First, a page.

Expanding Existing Holes



The single most common complaint we receive on taper shank twist drills is the loss of the driving tang or chipping of the outer corners of the drill, sometimes combined. This is caused by trying to expand an existing hole with a two flute drill.
Drill tangs are for ejection purposes only, the drive required is transmitted through the fit of the Morse taper.

A two-flute twist drill starts to cut with the blunt chisel edge, which craetes a hole by extrusion rather than cutting and requires to be forced into the material. After this initail stage the lips of the drill start to cut with a very low rake angle of only 2°-3°.
As the lips come into contact out to the full diameter the rake increases to approximately 30° at the outside edge.

An Illustration Of Rake Angles

If the user starts to cut an existing hole, it can be seen that the starting rake angle increases further out towards the cutting edge corners, which means that the larger the hole, the greater the self-feed rate of the drill into the workpiece.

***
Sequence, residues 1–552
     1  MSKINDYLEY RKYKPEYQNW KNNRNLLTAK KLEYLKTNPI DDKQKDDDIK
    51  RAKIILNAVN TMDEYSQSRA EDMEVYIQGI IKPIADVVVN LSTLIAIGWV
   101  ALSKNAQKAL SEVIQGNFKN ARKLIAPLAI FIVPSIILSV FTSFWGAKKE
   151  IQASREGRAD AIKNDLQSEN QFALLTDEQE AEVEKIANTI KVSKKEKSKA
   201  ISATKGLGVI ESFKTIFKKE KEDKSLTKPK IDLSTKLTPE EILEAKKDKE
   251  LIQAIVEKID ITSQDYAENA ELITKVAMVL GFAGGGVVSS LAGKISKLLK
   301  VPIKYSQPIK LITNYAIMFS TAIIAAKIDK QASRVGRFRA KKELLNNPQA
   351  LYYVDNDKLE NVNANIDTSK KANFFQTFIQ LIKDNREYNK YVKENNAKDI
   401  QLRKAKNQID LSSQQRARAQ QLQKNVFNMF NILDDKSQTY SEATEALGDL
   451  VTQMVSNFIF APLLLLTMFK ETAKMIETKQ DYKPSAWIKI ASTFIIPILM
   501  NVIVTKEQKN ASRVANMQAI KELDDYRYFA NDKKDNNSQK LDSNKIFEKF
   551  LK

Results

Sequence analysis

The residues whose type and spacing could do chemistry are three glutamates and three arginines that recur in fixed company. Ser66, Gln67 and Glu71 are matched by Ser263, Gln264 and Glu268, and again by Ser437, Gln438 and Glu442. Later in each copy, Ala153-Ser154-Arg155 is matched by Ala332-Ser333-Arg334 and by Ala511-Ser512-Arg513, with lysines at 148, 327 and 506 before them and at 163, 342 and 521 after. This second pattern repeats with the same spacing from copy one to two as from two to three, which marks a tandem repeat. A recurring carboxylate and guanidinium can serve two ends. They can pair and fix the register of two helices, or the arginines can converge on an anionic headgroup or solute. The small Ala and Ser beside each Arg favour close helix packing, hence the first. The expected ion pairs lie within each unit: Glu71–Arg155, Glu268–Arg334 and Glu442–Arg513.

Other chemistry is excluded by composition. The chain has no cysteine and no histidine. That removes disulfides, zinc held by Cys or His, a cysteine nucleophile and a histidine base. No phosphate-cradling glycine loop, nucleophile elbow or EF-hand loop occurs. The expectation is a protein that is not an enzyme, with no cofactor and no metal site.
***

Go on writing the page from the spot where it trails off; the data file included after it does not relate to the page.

All Presto two-flute drills can drill from solid, pilot holes may ease the pressure required when drilling by hand. The pilot hole should not be greater than Point B or 1.1/2 times the chisel edge diameter.

Swarf marks usually show on the point of the drill (A) This is because the drill is self-feeding and the action of pulling itself into the hole is controlled by the clearance. More clearance causes the drill to fail quicker e.g it has a higher feed.
Similar feed marks are shown in the flutes where the swart rubs (B).

The heel of the drill also shows rub marks on the body clearance (C), this is due to the drill following a trangulated path (D) which will cause the hole to measure undersize as one lips acts as the fulcrum and the other cutting an arc.
As the drill pivots from one cutting lip to another this causes excessive vibration which rapidly breaks down the cutting edges.

There can be two results from this application, one corner chips off and the drill jams in the triangulated hole overpowering the Morse taper drive, or the drill self-feeds into the workpiece pulling the Morse taper out of contact.
In both instances the result is that the tang takes up the drive and shears/twists due to the torque requirement being greater than the cross sectional area can drive.

Opening existing holes should be performed using a core drill, Presto list no - 17000